The Seattle band Tullycraft helped conjure an image of their hometown with the album title City of Subarus, and while it's a less punchy-sounding crown, Nashville can lay claim to something like "City of Wispy Forgettable Confessional Singer-Songwriters Who Go by Their First and Last Names." So, to distinguish herself, somewhere between acquiring her first electric guitar, changing up her songwriting approach and graduating from college, Mackenzie Scott adopted the monomial stage name Torres.
"It's a family name," says the 22-year-old Belmont songwriting graduate, and she likes the ambiguity of it. "It sounds like it could be a person, or it could be a band." Scott's debut under her assumed name sounds very much like the work of a person, rather than a band, even with contributions from some notable Nashville musicians. Poly's Larissa Maestro adds a few well-placed dashes of cello, and Natalie Prass harmonizes beautifully on the haltingly fragile ballad "November Baby."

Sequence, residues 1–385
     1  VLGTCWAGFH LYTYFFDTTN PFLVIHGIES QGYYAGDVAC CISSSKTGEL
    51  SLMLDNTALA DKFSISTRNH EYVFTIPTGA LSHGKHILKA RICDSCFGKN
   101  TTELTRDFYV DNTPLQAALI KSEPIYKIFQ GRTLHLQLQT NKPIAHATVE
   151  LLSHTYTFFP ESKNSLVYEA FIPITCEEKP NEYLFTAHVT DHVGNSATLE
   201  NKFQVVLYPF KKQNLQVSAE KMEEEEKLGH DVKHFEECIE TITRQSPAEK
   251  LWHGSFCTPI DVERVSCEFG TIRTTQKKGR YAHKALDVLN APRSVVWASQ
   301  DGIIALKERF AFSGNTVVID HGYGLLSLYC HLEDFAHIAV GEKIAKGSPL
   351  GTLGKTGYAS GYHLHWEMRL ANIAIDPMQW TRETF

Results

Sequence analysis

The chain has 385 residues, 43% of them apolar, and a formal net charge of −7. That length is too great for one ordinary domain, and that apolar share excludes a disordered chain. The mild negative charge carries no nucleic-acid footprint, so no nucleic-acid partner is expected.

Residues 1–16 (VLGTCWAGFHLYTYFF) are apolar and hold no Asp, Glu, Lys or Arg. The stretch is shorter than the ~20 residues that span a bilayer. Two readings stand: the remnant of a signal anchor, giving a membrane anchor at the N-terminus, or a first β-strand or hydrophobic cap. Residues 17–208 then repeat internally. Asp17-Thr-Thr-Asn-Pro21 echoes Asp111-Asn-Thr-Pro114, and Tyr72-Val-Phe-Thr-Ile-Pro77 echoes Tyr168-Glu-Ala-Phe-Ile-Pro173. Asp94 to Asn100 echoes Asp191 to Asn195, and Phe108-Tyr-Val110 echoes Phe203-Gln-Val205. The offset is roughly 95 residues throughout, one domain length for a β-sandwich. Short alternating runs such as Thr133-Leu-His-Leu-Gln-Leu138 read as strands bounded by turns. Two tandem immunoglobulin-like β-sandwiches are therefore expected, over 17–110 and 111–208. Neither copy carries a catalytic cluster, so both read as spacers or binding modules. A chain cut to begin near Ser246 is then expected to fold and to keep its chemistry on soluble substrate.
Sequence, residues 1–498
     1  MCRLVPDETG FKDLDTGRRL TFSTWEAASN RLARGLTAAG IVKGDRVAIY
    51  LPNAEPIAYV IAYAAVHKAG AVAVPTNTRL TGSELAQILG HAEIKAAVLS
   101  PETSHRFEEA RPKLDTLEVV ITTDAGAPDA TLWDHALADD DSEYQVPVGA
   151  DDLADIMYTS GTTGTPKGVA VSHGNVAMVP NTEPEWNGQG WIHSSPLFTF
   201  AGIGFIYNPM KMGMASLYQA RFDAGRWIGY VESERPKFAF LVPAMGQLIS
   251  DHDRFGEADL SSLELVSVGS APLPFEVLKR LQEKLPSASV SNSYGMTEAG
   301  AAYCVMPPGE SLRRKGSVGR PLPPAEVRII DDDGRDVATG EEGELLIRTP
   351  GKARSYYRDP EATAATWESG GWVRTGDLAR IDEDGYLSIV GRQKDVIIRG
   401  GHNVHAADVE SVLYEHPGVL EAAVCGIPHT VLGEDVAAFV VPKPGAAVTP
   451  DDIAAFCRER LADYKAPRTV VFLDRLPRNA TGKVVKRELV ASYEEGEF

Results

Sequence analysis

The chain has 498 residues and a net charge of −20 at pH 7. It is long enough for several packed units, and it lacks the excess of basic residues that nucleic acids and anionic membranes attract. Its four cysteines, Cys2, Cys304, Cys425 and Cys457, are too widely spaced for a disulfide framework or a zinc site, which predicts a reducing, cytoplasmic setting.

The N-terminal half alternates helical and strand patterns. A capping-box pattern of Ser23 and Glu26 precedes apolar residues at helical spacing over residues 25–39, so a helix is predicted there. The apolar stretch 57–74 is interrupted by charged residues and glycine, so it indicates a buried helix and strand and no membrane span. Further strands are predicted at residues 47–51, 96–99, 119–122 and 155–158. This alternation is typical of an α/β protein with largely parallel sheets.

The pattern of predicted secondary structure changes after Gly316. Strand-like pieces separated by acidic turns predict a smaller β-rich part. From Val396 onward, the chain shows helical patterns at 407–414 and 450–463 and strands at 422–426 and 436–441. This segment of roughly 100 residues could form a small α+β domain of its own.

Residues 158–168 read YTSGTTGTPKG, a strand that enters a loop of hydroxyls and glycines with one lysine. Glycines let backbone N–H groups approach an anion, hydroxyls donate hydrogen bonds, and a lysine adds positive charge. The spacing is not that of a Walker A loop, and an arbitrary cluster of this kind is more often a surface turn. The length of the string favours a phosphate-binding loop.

Self-released in January and quickly the subject of some high-volume blogging thanks to its ravishing lead single, "Honey," Torres comes across as deeply personal throughout. The album's 10 songs are held together at the sometimes-fraying seams by Scott's voice, which can rise from ragged whisper to raspy howl in the crash of a chord. Torres is best in the moments when everything feels suddenly loose and on the verge of flying apart, and the intensity spikes and subsides. But even the more conventional folk-based material is convincingly conveyed, as on "Moon and Back," which Scott sings from the perspective of a mother giving up her child for adoption. (Some quick math will lead you to the conclusion that the child in the song and Scott herself are the same age.)
Having assembled a band to take out on a late-winter tour, Scott says she's heartened — and a little overwhelmed — by the response she's gotten since the first two tracks found their way to the Internet. Looks like she was on to something with the name change after all.